The Home Depot Value System as Presented on the Company Website

1. Taking care of our people:

The key to our success is treating people well. We do this by encouraging associates to speak up and take risks, by recognizing and rewarding good performance and by leading and developing people so they may grow.

2. Giving back to our communities:

An important part of the fabric of The Home Depot is giving our time, talents, energy and resources to worthwhile causes in our communities and society.

3. Doing the right thing:

We exercise good judgment by “doing the right thing” instead of just “doing things right”. We strive to understand the impact of our decisions, and we accept responsibility for our actions.

4. Excellent customer service:

Along with our quality products, service, price and selection, we must go the extra mile to give customers knowledgeable advice about merchandise and to help them use those products to their maximum benefit.

5. Creating shareholder value:

The investors who provide the capital necessary to allow our company to grow need and expect a return on their investment. We are committed to providing it.

6. Building strong relationships:

Strong relationships are built on trust, honesty and integrity. We listen and respond to the needs of customers, associates, communities and vendors, treating them as partners.

7. Entrepreneurial spirit:

The Home Depot associates are encouraged to initiate creative and innovative ways of serving our customers and improving the business and to spread best practices throughout the company.

8. Respect for all people:

In order to remain successful, our associates must work in an environment of mutual respect, free of discrimination and harassment where each associate is regarded as part of The Home Depot team.

Changing the Landscape: One Bag At a Time

March 26, 2012 5:30 p.m. -3 degrees The sky looked white and threatening…off-and-on snowflakes of the large wet variety.  I focused on one small section edging on the pond today, picking up litter that had since flown into previously cleaned areas, along the way.  I made a mere dent, but in the larger picture, things were looking better.

Here, a close-up of Max’s paw as he raised it for my wiping, upon entering the house.  He charges after the multitudes of ground squirrels that peek their heads out and then nose dive once they see him coming.  This reminds me of Chevy Chase and Ground Hog Day.  He routinely starts pawing at one of their escape routes and I can’t help but get a big laugh at the whole event!

Workin’ Dog!

Changing the Landscape: One Bag At a Time

March 9, 2012 3:30 p.m. 13 degrees and VERY windy!  Findings: Plastic bags from every business in the surrounding area.  No witnesses to today’s journey, but I got a photo of my springtime footwear, rubber boots.

Necessary Equipment For This Job :0)

Some hockey parents were putting back beers in the parking lot as I left.  They had better darned well pick up their beer cans!

I try to leave out the parts that people skip. Elmore Leonard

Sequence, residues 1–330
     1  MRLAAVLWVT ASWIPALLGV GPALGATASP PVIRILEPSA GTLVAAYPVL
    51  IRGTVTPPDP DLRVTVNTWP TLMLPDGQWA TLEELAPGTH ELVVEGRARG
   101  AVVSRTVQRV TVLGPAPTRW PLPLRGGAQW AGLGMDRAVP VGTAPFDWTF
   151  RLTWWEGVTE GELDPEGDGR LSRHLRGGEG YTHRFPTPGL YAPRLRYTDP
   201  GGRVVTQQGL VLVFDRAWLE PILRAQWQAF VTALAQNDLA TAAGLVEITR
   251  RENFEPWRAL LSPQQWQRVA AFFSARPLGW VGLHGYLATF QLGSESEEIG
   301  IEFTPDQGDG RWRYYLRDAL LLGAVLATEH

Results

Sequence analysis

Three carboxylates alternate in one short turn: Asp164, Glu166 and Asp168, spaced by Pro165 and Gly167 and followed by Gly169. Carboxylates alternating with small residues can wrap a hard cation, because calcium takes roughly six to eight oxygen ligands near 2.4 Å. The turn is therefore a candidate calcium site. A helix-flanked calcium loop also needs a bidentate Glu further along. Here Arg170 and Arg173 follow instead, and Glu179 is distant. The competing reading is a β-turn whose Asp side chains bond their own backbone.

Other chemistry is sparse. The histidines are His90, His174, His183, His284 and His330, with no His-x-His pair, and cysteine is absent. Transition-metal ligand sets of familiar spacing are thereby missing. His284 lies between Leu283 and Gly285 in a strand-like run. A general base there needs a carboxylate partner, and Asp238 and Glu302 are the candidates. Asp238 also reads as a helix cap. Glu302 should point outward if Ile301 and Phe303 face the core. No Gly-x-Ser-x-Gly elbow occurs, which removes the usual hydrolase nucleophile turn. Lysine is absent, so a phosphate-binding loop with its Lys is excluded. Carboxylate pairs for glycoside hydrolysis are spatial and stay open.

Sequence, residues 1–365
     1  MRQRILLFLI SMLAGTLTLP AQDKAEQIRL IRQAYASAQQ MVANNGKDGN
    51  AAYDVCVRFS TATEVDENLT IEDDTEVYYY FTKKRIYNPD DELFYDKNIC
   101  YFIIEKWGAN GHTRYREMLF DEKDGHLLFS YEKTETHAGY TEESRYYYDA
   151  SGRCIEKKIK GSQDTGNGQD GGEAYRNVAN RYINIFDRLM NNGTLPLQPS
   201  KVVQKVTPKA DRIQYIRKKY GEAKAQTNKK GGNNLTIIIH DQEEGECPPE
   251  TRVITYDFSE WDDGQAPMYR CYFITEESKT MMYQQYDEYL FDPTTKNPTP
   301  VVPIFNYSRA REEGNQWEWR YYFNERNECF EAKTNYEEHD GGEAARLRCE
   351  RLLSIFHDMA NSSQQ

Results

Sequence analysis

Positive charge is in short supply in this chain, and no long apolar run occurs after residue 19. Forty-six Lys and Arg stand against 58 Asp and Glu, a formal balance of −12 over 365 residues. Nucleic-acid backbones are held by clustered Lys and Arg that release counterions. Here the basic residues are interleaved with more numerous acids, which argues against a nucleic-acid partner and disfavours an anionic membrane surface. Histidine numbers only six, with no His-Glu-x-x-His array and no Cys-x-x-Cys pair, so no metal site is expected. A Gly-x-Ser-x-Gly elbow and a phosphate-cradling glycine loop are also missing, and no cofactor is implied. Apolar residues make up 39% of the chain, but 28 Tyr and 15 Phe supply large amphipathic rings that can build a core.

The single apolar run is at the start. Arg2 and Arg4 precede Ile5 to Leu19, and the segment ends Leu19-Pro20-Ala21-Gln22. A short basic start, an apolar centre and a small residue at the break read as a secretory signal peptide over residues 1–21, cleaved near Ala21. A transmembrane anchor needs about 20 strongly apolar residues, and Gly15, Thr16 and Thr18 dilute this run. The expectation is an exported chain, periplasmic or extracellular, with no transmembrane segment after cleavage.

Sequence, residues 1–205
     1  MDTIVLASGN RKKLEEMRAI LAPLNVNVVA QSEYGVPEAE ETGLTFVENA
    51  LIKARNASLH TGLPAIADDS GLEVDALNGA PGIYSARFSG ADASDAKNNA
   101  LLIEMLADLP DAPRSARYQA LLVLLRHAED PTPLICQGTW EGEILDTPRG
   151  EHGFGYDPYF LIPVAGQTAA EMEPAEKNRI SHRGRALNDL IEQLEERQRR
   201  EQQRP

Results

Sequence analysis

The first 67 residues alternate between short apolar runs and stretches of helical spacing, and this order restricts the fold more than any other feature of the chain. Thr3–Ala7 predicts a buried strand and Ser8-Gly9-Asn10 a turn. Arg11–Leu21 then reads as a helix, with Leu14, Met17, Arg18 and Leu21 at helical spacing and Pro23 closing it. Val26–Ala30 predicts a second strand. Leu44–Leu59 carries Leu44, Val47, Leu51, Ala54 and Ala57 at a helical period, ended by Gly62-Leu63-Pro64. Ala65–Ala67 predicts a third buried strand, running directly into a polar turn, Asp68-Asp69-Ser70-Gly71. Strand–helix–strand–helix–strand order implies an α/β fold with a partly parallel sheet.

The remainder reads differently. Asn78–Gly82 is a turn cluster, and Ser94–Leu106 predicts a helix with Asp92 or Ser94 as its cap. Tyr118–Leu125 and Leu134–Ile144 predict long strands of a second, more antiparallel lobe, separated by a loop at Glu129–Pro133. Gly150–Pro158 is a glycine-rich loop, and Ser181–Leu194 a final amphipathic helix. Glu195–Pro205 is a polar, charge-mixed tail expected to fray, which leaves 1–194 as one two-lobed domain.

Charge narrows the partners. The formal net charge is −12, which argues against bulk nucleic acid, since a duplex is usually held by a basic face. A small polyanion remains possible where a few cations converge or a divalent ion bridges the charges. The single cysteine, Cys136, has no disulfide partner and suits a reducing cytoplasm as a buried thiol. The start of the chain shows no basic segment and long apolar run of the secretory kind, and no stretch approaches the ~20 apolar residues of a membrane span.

The Melt is On!

Frank’s Flats: One Bag at a Time

March 3, 2012 12:30 p.m. Blue sky, with bright puffs of white cloud.  11 degrees and very blustery wind.  Today’s finds were primarily plastic bags of every size and variety.  I filled the bag quickly on the first hill because I wanted to drop it to the bin and get on with a good off-leash with Max.  It doesn’t take long to fill a bag with trash at this location.  This makes me very sad.

Day Five

Blue Skies

I felt discouraged as I passed so much garbage along the way.  I wondered if I could possibly make an impact?  One person…one bag at a time.

Long Shadows

When Max and I were heading home, we came around the edge of some trees and bumped into Frank, who was the witness to our project today.  Frank says that this is his special place in the world and that he comes here often to sit and observe the world. The place, he says, is called Frank’s Flats.  I smiled and was glad to know that someone likes the place as much as I do. Frank had the day off and so was sitting in the bright sun, sipping on a beer.  He took this close-up of Max and I.

Max and Me: Windy Day March 3, 2012

The art of writing is the art of discovering what you believe. Gustave Flaubert

Experiencing My Landscape: One Bag at a Time

March 1, 2012 4:30-5:30 p.m. Weather -3 degrees, completely white sky, although for a short while the sun was visible, soft and white behind thick cloud, eventually, it had no chance.  It disappeared.  The coolest thing was the silhouette of a grey blue aircraft flying past its brightness.  We met no one on our walk today.  In the end, I collected from one section of the hill, placed the bag in the bin and then went exploring, empty-handed.

Findings: MUCH insulation, plastic, two Tim Horton's cups with lids, plastic sandwich bags, 2 cardboard boxes

 

Nothing Much Has Changed at the Bin

Max Waits Patiently as I Pick Garbage

Something is Wrong With This Picture!

 
 

Something is Wrong With This Picture!

 

...and this one.

 

...and this.

 

It is Your Landscape